There is no single way to build an optical switch or add-drop device, and intense research and development is taking parallel paths. Researchers at NTT (Iberaki-ken, Japan) have fabricated a silica-based high-extinction (60 dB), low-loss (5.1-dB insertion loss) 8 x 8 matrix switch using planar lightwave circuit technology. Based on a thermo-optically controlled Mach-Zehnder interferometer, it operates over a 130-nm bandwidth centered on 1520 nm. Chorum (Richardson, TX), SpectraSwitch (Santa Rosa, CA), Tellium (Oceanport, NJ), and Corning Inc. (Corning, NY) all are developing liquid-crystal-based optical switches or add-drop switches. Corning has made available samples of a wavelength-selective optical switch that can switch 40 channels individually, each at 100 GHz, with uniformity of better than 1.0 dB across all channels. The development of a robust add-drop device would greatly aid metropolitan networks, which would benefit by going increasingly passive.
Planar-waveguide optical devices only a couple of centimeters long can combine gratings, thermo-optic phase shifters, Mach-Zehnder WDMs, and other devices in doped-silica waveguide layers deposited onto a silicon chip (see Laser Focus World, Oct. 1999, p. 117). Called a silicon optical bench, such a device can contain V-grooves for passive fiber alignment, laser sources added via hybrid integration, and even an erbium-doped planar optical waveguide amplifier (see Fig. 1).
A group at the University of Twente (Enschede, The Netherlands) is developing planar-waveguide structures based on silicon oxynitride, which has refractive-index tunability over a wide range; clad waveguide channels with a 25-nm core thickness are patterned lithographically into waveguides that transmit well at 1560 nm. Researchers from the Communications Research Center (Ottawa, Ontario, Canada), the Université Laval (Quebec City, Quebec, Canada), and the Center for Research and Education in Optics and Lasers (Orlando, FL) are pursuing the fabrication of integrated optical waveguides in sulfide chalcogenide glasses that have potentially low loss for both the 1300- and 1550-nm telecommunication windows. The material can be processed to include photoinduced Bragg gratings and vertically stacked directional couplers.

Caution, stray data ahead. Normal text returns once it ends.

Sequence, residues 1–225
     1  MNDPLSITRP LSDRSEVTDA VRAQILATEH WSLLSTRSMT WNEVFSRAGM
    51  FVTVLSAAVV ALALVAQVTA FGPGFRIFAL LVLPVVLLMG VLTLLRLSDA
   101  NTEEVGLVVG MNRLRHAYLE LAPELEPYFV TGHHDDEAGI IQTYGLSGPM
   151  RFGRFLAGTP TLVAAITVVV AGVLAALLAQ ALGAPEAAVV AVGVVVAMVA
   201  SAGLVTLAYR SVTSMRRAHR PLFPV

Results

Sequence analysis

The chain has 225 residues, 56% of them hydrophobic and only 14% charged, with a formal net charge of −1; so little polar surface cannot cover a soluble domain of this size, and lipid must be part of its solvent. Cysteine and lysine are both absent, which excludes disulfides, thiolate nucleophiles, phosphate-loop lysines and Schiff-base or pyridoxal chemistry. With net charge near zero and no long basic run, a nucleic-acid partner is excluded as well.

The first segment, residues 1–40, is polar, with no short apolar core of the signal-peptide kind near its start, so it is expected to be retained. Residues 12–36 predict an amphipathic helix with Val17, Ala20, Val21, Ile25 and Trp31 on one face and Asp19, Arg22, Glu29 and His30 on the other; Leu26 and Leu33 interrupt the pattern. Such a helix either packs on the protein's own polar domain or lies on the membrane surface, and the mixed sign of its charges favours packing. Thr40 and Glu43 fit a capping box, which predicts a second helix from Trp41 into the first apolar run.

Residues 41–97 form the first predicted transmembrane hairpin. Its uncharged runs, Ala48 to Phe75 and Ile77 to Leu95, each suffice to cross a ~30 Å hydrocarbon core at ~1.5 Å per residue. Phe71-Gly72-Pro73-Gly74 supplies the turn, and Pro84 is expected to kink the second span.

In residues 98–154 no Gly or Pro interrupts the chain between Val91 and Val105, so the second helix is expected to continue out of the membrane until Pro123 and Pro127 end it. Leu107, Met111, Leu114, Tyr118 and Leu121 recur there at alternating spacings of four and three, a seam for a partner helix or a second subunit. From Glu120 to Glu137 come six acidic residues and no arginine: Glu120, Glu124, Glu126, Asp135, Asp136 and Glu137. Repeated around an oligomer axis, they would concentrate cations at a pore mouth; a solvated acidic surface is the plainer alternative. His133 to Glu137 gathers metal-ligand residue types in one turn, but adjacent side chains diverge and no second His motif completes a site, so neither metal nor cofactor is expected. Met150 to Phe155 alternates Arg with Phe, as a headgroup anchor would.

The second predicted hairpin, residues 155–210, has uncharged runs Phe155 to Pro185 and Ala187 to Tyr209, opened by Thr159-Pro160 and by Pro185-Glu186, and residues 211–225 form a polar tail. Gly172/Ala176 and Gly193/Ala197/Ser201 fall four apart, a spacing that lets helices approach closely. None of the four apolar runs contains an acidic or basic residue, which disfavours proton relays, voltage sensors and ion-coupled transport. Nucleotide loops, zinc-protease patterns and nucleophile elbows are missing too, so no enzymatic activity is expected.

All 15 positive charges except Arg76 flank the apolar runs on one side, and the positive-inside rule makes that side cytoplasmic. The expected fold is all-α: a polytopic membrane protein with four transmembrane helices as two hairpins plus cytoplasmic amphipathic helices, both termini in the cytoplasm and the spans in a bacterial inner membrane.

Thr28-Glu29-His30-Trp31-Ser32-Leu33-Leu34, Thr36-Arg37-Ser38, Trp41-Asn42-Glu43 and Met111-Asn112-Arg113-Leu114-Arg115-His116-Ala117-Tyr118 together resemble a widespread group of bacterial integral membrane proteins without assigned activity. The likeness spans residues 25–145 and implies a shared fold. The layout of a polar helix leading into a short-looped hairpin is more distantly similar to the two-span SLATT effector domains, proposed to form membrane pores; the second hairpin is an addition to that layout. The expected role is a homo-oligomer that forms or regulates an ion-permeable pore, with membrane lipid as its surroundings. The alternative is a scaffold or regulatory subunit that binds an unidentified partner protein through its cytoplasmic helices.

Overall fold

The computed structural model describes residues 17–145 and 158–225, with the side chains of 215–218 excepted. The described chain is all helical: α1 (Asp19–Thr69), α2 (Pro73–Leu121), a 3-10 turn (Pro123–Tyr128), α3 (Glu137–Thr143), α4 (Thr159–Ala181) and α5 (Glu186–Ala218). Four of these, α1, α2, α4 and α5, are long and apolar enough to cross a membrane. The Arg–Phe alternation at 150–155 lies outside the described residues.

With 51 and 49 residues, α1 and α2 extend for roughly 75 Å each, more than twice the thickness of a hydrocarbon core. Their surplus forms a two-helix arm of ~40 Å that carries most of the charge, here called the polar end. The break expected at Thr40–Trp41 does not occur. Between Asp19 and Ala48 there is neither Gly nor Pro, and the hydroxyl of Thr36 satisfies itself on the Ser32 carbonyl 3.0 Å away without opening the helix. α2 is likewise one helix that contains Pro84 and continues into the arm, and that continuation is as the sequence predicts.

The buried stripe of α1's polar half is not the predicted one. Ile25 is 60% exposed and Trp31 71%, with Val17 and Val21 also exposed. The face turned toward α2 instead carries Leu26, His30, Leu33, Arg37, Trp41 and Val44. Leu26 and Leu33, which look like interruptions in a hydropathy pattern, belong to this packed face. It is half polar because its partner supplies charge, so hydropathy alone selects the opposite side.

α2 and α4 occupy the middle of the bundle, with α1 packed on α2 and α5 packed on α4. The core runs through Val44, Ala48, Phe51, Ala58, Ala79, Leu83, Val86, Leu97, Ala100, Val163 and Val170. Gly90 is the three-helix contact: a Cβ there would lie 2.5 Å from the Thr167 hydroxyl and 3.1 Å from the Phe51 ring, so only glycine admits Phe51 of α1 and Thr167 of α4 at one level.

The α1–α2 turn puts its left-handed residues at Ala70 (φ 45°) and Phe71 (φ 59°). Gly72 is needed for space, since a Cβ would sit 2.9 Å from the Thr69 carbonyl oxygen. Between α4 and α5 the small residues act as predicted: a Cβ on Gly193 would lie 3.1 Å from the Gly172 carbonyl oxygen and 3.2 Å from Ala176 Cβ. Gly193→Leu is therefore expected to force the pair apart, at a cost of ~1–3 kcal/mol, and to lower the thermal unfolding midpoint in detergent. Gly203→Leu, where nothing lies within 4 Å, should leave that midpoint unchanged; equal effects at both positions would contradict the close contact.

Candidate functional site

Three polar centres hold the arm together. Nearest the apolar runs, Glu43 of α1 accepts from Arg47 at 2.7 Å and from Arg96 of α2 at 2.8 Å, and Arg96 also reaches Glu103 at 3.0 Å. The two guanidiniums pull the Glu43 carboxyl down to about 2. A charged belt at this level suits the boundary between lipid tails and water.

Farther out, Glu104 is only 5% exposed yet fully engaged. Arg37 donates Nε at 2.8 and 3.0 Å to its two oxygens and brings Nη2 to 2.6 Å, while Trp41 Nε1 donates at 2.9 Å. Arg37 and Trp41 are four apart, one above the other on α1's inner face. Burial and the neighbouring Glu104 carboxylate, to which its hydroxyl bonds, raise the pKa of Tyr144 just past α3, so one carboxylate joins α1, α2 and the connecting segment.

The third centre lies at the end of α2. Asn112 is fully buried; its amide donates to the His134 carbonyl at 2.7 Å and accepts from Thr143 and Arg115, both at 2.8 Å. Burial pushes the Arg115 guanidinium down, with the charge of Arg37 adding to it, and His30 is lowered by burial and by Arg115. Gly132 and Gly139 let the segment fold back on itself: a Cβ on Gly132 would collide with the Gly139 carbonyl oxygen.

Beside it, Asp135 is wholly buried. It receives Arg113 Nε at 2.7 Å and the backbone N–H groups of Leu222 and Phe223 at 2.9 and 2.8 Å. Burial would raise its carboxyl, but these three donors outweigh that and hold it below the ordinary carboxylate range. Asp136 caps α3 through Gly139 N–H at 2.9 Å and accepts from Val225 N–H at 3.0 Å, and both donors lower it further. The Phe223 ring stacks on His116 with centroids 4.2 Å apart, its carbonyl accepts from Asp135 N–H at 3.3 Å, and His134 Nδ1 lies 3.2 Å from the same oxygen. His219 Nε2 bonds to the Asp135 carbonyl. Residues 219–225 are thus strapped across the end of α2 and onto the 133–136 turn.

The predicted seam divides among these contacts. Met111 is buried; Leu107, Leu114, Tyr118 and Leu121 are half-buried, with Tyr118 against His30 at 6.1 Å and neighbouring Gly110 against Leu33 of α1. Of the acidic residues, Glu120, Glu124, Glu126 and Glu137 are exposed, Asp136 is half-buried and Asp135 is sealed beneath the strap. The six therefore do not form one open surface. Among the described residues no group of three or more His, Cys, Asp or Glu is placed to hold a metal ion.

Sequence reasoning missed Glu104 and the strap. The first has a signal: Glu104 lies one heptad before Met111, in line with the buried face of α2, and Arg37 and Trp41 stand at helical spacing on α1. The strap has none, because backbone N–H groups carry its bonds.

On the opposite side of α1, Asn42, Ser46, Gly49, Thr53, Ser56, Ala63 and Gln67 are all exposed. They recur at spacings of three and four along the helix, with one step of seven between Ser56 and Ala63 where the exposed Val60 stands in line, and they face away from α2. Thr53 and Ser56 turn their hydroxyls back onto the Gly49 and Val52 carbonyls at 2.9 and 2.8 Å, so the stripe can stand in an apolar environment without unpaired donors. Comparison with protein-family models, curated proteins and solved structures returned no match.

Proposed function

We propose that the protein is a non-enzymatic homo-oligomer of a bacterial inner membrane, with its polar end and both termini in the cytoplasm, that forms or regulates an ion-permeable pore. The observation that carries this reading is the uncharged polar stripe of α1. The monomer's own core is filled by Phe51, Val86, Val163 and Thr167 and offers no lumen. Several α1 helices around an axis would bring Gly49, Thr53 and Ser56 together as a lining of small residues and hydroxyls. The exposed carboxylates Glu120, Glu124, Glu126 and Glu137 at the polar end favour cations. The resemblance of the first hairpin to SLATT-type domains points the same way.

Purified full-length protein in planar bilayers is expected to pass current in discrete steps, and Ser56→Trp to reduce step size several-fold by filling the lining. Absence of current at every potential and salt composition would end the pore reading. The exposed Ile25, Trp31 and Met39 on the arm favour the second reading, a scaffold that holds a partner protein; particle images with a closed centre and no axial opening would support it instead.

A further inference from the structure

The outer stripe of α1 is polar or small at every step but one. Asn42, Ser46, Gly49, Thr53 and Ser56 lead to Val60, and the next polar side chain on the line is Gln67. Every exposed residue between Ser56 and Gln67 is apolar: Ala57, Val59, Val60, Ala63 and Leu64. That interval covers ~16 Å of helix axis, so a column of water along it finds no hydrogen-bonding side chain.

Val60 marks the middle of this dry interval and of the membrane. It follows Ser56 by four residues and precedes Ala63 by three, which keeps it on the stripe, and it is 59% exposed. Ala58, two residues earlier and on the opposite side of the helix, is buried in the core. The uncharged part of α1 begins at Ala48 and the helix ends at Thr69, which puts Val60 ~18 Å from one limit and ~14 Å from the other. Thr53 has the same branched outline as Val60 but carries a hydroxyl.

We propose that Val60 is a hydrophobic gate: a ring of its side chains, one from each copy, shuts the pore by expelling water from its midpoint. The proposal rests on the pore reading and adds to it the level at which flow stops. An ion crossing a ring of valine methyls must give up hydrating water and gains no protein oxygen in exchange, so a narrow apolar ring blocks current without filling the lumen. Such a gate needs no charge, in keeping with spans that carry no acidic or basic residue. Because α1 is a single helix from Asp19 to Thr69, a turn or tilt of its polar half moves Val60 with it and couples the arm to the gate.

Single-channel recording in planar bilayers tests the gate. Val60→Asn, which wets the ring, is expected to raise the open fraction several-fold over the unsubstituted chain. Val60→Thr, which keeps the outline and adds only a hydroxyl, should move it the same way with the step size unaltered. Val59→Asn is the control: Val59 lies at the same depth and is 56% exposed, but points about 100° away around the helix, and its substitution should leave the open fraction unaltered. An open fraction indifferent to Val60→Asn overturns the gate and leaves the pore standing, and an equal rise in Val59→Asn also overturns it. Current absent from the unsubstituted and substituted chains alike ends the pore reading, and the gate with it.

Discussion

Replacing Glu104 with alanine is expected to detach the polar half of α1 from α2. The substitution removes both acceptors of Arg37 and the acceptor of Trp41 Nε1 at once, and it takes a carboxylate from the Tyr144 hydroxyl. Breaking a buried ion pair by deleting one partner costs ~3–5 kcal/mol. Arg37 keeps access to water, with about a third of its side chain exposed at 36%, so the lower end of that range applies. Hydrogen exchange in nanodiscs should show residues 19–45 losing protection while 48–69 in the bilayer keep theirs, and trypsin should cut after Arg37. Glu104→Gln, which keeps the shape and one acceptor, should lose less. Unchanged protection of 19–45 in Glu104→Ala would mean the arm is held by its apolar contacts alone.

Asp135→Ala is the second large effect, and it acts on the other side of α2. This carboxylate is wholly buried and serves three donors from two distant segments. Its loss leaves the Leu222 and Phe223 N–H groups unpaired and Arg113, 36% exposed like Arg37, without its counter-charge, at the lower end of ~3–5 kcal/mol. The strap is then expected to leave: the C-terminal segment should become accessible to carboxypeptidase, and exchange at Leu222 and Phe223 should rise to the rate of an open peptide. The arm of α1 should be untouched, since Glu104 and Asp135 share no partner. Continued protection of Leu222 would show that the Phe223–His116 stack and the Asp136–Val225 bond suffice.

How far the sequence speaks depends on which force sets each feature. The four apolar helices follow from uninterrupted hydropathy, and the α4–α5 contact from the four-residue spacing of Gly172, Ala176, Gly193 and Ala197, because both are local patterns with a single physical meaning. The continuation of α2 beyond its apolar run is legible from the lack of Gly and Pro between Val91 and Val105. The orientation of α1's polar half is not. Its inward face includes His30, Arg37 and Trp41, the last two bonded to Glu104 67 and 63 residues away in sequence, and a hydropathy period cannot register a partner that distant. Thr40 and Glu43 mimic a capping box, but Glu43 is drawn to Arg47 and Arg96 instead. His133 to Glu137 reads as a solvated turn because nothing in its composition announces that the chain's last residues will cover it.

Non-WDM-related developments are plentiful. W. L. Gore and Associates (Newark, DE) and Corning combined talents to transmit 10 Gbit/s over 600 m of Corning's 50-µm multimode fiber using Gore's 850-nm vertical-cavity surface-emitting laser (VCSEL). The development of VCSELs for telecommunication and data communication continues, with the devices now the laser source of choice for short-wavelength fiberoptic use (see Laser Focus World, May 1999, p. 235). Researchers at Hitachi (Tokyo, Japan) are developing low-cost plastic optical modules for fiberoptic communications that draw from fabrication techniques developed for integrated circuits, including infrared (IR) die bonding and plastic molded packaging. These are the sorts of practical advances that will help make optical fiber ubiquitous in the office and home.
Not plain old optics
The development of devices based on micro-optoelectromechanical-systems technology proceeds apace. Most well known are the digital micromirror arrays developed by Texas Instruments (Dallas, TX). Already widely commercialized as spatial light modulators used in computer projection displays, they have made their first appearance in movie theaters this year as the projection device for Star Wars: Episode I, The Phantom Menace on two screens in Los Angeles, CA, and two in New York, NY.But other MOEMS devices are springing up, some of them based on interesting principles. For example, an uncooled IR camera, developed at the University of California, Berkeley (Berkeley, CA) and Raytheon Systems (Goleta, CA) and intended for low-cost imaging in the 8-14-µm wavelength range, contains an array of tiny interdigitated cantilevered beams that flex when warmed by incident IR radiation, changing their diffraction properties (see Laser Focus World, Nov. 1999, p. 121).